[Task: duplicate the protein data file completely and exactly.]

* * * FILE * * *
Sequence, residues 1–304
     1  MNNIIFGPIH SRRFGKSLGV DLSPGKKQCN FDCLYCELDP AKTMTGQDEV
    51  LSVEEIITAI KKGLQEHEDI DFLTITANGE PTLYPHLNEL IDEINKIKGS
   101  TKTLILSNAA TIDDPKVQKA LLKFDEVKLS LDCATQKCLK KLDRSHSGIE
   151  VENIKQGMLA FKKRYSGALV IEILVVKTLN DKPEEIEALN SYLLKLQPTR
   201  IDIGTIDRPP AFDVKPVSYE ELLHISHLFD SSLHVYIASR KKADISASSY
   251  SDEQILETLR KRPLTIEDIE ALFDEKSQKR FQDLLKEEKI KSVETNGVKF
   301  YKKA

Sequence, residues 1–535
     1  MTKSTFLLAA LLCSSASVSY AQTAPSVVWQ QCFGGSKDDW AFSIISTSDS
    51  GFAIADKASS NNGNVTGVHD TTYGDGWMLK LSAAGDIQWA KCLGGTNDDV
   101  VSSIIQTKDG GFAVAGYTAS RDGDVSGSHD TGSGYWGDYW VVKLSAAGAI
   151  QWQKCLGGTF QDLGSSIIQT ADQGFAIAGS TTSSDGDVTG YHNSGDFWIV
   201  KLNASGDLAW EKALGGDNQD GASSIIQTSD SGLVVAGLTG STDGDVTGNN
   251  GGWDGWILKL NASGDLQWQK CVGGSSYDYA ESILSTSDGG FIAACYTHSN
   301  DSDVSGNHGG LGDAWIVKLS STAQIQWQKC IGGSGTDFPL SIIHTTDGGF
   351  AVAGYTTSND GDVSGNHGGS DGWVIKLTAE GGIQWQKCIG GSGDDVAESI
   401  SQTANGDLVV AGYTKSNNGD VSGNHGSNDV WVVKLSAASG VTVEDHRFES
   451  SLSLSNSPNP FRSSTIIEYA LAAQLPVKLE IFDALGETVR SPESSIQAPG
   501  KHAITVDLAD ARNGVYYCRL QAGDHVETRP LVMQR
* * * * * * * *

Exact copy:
Sequence, residues 1–304
     1  MNNIIFGPIH SRRFGKSLGV DLSPGKKQCN FDCLYCELDP AKTMTGQDEV
    51  LSVEEIITAI KKGLQEHEDI DFLTITANGE PTLYPHLNEL IDEINKIKGS
   101  TKTLILSNAA TIDDPKVQKA LLKFDEVKLS LDCATQKCLK KLDRSHSGIE
   151  VENIKQGMLA FKKRYSGALV IEILVVKTLN DKPEEIEALN SYLLKLQPTR
   201  IDIGTIDRPP AFDVKPVSYE ELLHISHLFD SSLHVYIASR KKADISASSY
   251  SDEQILETLR KRPLTIEDIE ALFDEKSQKR FQDLLKEEKI KSVETNGVKF
   301  YKKA

Sequence, residues 1–535
     1  MTKSTFLLAA LLCSSASVSY AQTAPSVVWQ QCFGGSKDDW AFSIISTSDS
    51  GFAIADKASS NNGNVTGVHD TTYGDGWMLK LSAAGDIQWA KCLGGTNDDV
   101  VSSIIQTKDG GFAVAGYTAS RDGDVSGSHD TGSGYWGDYW VVKLSAAGAI
   151  QWQKCLGGTF QDLGSSIIQT ADQGFAIAGS TTSSDGDVTG YHNSGDFWIV
   201  KLNASGDLAW EKALGGDNQD GASSIIQTSD SGLVVAGLTG STDGDVTGNN
   251  GGWDGWILKL NASGDLQWQK CVGGSSYDYA ESILSTSDGG FIAACYTHSN
   301  DSDVSGNHGG LGDAWIVKLS STAQIQWQKC IGGSGTDFPL SIIHTTDGGF
   351  AVAGYTTSND GDVSGNHGGS DGWVIKLTAE GGIQWQKCIG GSGDDVAESI
   401  SQTANGDLVV AGYTKSNNGD VSGNHGSNDV WVVKLSAASG VTVEDHRFES
   451  SLSLSNSPNP FRSSTIIEYA LAAQLPVKLE IFDALGETVR SPESSIQAPG
   501  KHAITVDLAD ARNGVYYCRL QAGDHVETRP LVMQR